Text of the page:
Plus I really doubt a steerable chute could have the accuracy to get it down onto a boat anyway.
Military precision airdrop steerable parafoils ( Atair, MMIST, SPADES, Zodiac etc) had accuracy of about 50-200 meters ~8 years ago. Depending on payload size and drop altitude of course. Not hitting a barge with that, but i guess military never had a land on a dime requirement.
Maybe the boat can drive the last 50-100m to get under the fairing. It doesn't have to land on a droneship, since a fairing coming down under a chute isn't all that dangerous... mass in only ~2t, terminal velocity is probably a few m/s, and there's no explosives aboard. Land it on a airbag sitting on the deck.
I really like this idea if salt water immersion is an obstacle to reuse. After a few notable learning experiences (see e.g. F1 fuel slosh failure) Spacex has proven themselves to harbor a pretty good stable of controls engineers. I wouldn't be surprised if they could reduce parafoil CEP to the point where the ship catcher wouldn't have to move much at all (Yes, I know analysis without numbers is just an opinion, to quote another poster's byline)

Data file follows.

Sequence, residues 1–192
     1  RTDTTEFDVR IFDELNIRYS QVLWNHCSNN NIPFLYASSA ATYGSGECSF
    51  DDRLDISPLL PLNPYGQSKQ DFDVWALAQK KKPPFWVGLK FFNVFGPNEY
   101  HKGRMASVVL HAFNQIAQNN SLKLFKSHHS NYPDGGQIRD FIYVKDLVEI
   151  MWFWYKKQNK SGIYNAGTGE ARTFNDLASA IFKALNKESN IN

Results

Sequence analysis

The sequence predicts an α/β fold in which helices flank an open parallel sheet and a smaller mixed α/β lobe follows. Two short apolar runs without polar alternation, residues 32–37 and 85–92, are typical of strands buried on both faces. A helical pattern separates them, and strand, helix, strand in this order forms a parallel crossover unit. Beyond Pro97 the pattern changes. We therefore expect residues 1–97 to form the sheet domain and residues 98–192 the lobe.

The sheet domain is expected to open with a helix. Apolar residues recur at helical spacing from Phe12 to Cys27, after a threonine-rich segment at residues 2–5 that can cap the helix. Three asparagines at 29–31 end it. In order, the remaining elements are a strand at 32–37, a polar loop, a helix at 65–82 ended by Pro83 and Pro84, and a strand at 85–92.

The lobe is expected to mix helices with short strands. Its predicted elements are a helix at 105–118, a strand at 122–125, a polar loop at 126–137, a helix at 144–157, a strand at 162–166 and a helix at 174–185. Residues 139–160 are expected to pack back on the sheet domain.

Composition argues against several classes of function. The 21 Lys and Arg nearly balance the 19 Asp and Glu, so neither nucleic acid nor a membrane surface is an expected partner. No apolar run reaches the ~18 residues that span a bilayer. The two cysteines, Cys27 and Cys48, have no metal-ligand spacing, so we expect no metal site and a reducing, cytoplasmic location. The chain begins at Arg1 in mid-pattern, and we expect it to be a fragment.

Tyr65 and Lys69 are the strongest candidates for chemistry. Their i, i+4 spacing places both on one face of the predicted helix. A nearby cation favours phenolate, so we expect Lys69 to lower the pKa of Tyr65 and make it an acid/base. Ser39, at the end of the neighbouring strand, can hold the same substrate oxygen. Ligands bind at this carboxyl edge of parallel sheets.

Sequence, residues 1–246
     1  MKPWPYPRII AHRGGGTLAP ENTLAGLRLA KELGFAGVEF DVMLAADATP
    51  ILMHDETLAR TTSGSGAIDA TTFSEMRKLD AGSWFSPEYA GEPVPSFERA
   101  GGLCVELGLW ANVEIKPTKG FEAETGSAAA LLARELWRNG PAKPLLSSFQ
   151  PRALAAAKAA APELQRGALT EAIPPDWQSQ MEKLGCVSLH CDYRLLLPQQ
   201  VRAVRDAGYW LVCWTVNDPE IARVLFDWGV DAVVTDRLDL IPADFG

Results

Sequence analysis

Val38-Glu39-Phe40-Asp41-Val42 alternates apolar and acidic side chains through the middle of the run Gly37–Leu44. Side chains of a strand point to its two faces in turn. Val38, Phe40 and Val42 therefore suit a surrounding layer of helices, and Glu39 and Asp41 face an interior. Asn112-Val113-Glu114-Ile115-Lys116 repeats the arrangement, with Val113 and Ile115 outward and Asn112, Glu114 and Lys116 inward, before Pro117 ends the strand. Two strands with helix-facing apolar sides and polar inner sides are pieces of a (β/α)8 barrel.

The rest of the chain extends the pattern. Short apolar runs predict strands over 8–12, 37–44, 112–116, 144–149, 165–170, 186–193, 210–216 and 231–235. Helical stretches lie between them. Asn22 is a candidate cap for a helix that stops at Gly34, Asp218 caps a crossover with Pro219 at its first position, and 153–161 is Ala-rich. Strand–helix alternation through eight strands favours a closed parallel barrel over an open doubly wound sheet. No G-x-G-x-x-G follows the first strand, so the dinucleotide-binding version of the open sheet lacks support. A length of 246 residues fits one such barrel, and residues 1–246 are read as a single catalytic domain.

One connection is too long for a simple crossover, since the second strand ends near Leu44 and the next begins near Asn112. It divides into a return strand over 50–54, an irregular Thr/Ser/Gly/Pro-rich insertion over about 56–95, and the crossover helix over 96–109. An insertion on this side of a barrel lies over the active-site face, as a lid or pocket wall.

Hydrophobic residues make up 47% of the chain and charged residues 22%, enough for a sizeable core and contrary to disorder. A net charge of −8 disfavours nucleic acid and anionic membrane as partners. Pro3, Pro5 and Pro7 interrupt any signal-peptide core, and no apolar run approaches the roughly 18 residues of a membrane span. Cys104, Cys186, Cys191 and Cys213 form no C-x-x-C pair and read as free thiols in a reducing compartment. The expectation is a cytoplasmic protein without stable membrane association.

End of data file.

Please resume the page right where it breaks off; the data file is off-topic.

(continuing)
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Offline Bob Shaw

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Re: Fairing reuse
« Reply #444 on: 06/05/2016 01:10 AM »
Plus I really doubt a steerable chute could have the accuracy to get it down onto a boat anyway.
Military precision airdrop steerable parafoils ( Atair, MMIST, SPADES, Zodiac etc) had accuracy of about 50-200 meters ~8 years ago. Depending on payload size and drop altitude of course. Not hitting a barge with that, but i guess military never had a land on a dime requirement.
Maybe the boat can drive the last 50-100m to get under the fairing. It doesn't have to land on a droneship, since a fairing coming down under a chute isn't all that dangerous... mass in only ~2t, terminal velocity is probably a few m/s, and there's no explosives aboard. Land it on a airbag sitting on the deck.